When Close Isn't Good Enough

The GPS technology used in vehicle navigation is accurate only to within a few yards, which is fine for applications such as those that track truck deliveries. But some situations demand greater precision. For instance, the operators of construction equipment must be extremely accurate in the placement of their blades. A few yards off the mark isn’t acceptable.

For those applications, real-time kinematic (RTK) GPS is used. Here’s how it works for Caterpillar:

Users place a surveyed GPS base station at the construction site. The device looks like a large box with a GPS receiver and a data transmission radio attached. The base station compares its actual surveyed coordinates to the live signals coming from the GPS satellites and then calculates the correction signals to achieve precise location information from the satellites alone. The base station then sends these corrections to the earth-moving equipment’s own GPS systems. It’s done on the fly, allowing the cutting edge of the machine to be in the correct position every second.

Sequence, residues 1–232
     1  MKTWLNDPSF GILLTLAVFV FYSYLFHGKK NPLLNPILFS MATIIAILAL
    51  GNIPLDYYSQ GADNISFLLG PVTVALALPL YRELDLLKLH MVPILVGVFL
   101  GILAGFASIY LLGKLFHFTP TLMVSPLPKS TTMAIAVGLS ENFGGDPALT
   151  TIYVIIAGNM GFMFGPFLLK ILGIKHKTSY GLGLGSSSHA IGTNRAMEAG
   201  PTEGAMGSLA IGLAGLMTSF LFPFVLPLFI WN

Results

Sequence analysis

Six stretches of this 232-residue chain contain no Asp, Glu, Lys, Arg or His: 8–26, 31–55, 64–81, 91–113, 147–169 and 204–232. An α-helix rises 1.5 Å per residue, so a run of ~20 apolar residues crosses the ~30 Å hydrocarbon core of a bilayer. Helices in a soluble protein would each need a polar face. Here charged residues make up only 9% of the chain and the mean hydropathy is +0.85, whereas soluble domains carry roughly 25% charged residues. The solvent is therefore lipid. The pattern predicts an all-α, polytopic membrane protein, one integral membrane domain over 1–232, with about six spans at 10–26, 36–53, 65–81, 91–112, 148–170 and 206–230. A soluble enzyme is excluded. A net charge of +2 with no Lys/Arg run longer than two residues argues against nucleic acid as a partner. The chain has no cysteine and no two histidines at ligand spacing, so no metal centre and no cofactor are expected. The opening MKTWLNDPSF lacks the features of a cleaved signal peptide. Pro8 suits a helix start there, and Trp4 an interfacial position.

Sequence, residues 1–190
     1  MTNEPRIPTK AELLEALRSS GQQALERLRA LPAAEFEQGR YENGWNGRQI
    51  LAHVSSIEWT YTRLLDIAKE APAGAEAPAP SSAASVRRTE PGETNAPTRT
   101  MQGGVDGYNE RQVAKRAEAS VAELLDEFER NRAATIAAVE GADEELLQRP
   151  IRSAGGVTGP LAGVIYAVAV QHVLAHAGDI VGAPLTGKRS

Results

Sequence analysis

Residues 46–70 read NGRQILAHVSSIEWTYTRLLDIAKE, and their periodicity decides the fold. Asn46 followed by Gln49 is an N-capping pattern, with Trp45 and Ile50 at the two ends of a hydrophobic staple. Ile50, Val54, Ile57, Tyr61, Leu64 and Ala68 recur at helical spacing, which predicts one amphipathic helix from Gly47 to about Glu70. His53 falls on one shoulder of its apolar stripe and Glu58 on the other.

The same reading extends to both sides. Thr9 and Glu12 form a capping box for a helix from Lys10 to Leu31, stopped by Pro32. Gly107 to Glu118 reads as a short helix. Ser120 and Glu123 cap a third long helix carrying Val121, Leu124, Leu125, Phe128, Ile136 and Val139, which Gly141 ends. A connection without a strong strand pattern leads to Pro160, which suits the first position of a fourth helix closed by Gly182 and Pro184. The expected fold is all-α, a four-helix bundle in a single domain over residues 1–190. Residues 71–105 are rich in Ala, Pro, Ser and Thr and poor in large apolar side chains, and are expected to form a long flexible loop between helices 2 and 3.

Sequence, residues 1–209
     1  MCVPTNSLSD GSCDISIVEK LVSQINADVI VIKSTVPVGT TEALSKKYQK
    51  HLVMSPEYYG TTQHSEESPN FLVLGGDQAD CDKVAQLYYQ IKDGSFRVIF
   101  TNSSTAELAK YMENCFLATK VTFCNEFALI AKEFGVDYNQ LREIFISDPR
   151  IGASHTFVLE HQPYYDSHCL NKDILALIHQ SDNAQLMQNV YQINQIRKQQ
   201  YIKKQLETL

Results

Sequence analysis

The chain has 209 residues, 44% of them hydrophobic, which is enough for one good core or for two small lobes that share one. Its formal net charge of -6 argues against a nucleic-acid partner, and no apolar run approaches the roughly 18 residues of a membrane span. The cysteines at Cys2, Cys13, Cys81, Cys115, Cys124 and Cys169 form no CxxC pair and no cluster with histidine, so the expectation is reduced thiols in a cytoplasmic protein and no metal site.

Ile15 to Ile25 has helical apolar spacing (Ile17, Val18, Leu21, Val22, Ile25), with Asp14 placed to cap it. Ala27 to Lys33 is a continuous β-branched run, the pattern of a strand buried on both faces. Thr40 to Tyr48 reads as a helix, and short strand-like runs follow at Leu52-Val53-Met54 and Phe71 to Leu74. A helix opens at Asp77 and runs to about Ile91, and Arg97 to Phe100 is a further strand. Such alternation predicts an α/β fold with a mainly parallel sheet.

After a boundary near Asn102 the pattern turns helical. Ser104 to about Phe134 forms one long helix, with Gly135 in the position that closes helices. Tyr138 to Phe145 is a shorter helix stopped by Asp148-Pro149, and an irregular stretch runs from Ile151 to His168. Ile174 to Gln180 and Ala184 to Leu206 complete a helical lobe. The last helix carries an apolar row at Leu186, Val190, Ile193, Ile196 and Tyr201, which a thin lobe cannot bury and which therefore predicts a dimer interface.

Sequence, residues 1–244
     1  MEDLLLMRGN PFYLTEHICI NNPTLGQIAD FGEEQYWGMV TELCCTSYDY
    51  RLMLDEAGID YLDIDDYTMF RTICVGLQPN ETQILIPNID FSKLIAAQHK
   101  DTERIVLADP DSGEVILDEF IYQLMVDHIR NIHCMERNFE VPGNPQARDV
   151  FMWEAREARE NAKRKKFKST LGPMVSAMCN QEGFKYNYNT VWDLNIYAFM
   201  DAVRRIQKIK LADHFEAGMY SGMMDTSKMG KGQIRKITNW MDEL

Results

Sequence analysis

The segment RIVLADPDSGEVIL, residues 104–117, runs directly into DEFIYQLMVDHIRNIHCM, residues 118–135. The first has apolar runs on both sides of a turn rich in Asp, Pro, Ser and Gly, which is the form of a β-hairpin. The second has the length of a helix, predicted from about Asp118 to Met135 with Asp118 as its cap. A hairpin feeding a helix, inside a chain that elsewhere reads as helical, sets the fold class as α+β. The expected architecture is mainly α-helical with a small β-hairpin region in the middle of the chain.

“The GPS base station calculates all those errors coming from the atmosphere, the heat, the clouds, etc.,” explains Tom Bucklar, North American region manager for machine control and guidance at Caterpillar. “It builds a correction algorithm, which is sent to the AccuGrade system on the machine to ensure that the blade is positioned within centimeter-level accuracy.”

Copyright © 2007 IDG Communications, Inc.

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